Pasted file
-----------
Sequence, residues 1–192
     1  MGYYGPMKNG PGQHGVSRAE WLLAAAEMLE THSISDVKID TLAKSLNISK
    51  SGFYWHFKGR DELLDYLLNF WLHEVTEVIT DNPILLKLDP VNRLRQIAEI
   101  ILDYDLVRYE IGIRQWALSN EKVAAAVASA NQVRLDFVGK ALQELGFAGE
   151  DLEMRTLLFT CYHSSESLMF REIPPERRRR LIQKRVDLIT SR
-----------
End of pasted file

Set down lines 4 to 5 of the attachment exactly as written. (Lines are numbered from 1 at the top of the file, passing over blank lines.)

   101  ILDYDLVRYE IGIRQWALSN EKVAAAVASA NQVRLDFVGK ALQELGFAGE
   151  DLEMRTLLFT CYHSSESLMF REIPPERRRR LIQKRVDLIT SR